I like Dragon Quest Heroes best of the Warriors games because the high HP means you actually need to think about which combos to use based on where/what your enemies are, since you actually care about hitting them (while in other games it’s gotten to the point where infantry literally only exists to up your KO counter). Also the summoning aspect adds some strategy lacking in almost all Warriors games.

      For a more traditional experience I think Fire Emblem Warriors is actually pretty sweet (sadly and obviously Switch/3DS exclusive). You can order competent AI units around the map and certain weapons are substantially more/less effective against others, which adds a layer of strategy which adds so much to an otherwise sorta boring experience. DQH are still better though.

  4. Jokerme says:

    Wasn’t this game released last year in Japan? Am I remembering another game?

    • Dominic Tarason says:

      Last summer, yes. Dragon Quest games are seldom localized, and the process tends to take forever.

  5. ramshackabooba says:

    Excellent! I don’t play handhelds so I haven’t played DQ since DQ8 in the PS2 so long ago (and I loved it).

  6. Dr. Why says:

    No playstation Now.
    No crappy emulators.
    No fan translations.
    This honestly made my day :)

  7. Chaoslord AJ says:

    That shall be good. Also a good developement for PC gaming having all those ports recently.

  8. digital_sneeze says:

    My only real foray into the series was 8 on the PS2. I don’t think it was quite the masterpiece it was touted to be. I liked it, and nearly got to the end but I can’t think of a JRPG that had more offensively frequent random battles than that game. I can still to this day remember what the opening music of the combat was and it makes me never want to play it again. Glad to see this one won’t have random battles but I hope it has a more compelling story than 8 too. They went for “well done” rather than interesting to the point of it being hyper generic.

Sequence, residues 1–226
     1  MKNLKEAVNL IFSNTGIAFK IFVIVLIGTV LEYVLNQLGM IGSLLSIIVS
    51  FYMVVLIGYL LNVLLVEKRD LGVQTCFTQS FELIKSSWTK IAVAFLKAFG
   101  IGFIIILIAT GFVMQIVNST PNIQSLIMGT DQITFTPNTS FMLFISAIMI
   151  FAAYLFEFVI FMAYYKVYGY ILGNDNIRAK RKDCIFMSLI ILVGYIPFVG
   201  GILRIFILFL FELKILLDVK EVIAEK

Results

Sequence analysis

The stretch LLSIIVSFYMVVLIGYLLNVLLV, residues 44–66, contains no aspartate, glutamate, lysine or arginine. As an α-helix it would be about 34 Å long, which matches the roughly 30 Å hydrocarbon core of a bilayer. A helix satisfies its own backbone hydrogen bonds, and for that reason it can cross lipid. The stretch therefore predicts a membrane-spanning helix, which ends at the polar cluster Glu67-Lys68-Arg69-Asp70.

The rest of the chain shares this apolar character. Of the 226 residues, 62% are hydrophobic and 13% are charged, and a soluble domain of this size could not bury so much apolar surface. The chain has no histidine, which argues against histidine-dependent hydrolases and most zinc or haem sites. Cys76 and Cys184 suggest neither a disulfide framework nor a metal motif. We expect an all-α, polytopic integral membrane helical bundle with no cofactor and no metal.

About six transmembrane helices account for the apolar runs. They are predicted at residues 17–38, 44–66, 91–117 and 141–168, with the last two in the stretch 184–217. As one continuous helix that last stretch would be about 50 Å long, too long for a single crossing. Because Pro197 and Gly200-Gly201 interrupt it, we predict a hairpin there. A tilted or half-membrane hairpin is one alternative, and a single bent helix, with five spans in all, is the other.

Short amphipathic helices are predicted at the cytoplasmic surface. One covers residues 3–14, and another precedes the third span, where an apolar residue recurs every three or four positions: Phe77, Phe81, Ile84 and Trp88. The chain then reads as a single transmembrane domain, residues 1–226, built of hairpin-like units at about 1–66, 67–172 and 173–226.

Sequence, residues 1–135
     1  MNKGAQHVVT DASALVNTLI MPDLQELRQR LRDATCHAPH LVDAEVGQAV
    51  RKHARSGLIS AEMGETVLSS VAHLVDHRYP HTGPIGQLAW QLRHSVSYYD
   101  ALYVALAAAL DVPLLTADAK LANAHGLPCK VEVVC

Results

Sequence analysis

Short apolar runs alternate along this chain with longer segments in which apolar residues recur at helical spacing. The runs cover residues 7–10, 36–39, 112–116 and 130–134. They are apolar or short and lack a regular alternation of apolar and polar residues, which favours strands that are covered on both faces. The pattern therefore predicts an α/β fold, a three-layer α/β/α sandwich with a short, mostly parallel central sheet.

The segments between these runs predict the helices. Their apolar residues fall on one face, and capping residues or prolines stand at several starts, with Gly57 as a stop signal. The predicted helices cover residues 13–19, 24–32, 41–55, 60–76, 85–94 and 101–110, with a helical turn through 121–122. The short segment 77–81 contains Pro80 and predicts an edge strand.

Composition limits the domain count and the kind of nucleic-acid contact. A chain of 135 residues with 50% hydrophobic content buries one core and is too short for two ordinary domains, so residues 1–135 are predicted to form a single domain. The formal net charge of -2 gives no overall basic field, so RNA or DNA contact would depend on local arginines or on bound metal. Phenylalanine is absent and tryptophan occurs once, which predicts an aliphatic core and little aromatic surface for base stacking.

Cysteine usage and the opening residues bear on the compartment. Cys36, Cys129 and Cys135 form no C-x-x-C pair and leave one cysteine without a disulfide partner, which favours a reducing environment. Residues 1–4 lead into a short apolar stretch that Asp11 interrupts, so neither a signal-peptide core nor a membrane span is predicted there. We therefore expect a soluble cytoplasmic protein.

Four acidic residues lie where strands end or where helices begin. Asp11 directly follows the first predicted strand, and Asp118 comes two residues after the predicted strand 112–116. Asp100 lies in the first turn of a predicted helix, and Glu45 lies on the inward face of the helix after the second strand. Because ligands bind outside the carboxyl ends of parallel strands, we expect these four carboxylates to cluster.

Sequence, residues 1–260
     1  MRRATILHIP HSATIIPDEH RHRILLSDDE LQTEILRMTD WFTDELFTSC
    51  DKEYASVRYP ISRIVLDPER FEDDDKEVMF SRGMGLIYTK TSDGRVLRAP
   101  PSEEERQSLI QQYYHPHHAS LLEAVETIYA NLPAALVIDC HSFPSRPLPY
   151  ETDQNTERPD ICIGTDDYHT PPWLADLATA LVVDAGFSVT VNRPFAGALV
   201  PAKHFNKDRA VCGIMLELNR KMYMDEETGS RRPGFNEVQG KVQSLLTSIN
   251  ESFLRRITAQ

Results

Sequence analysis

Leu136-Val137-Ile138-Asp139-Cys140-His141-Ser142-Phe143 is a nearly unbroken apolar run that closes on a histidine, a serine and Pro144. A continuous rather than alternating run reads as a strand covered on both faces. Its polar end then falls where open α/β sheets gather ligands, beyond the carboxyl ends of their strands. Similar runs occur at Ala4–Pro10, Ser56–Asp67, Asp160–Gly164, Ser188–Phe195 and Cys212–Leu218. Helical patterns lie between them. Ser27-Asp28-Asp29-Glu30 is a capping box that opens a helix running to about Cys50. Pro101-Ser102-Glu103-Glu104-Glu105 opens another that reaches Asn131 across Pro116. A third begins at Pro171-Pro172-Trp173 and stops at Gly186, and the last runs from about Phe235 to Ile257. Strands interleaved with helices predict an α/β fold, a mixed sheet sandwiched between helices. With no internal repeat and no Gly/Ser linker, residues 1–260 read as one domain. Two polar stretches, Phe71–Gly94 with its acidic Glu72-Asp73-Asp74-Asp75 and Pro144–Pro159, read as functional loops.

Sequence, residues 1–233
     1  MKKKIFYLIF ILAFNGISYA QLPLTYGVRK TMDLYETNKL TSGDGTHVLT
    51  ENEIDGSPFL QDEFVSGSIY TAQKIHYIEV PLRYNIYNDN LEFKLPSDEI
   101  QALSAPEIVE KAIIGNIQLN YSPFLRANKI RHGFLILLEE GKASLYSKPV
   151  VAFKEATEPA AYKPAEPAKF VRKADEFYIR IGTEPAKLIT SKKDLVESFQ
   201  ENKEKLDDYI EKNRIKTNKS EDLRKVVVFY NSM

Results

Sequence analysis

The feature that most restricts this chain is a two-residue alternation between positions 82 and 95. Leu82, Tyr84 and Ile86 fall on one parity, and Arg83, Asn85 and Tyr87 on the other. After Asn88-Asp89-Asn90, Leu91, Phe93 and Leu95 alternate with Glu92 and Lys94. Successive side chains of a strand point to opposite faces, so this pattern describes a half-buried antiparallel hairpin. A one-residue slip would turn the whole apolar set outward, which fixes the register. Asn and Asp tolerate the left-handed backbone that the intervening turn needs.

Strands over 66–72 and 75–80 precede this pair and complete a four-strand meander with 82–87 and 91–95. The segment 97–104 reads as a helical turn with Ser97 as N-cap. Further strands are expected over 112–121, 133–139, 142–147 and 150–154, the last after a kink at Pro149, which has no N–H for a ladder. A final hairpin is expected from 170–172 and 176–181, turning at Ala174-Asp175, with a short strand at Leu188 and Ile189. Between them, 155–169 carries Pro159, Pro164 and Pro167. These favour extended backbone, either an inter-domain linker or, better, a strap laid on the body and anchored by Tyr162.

• Kitsunin says:

      Completely agree. All Dragon Quest games are extremely tedious due to an absolutely ludicrous number of battles which are mind-numbingly rote. And if you try avoiding random encounters you’ll find yourself forced to grind in order to defeat a boss (even though the random enemies are still piss easy).

      And honestly, I still liked the games. Until I tried playing 8 after Persona 5 and Xenoblade Chronicles 2. I no longer have any patience for games which more than sparingly force me to endure tedious and utterly unthoughtful fights.

  9. MikoSquiz says:

    The Dragon Quest games are like someone made a poor knockoff of early Spectrum/C64 RPGs and then completely ignored all development and progress in the genre, never learning or changing anything except for shinier graphics. I wonder why?

  10. Merus says:

    Man, Dragon Quest is really… particular. I mean it has its charms – one thing I find fascinating is how they make early enemies less intimidating by allowing them to faff around and get distracted and generally burst with personality instead of actually fighting you – but it is literally the farthest thing from a PC RPG I can imagine and I don’t know how the poor thing will cope.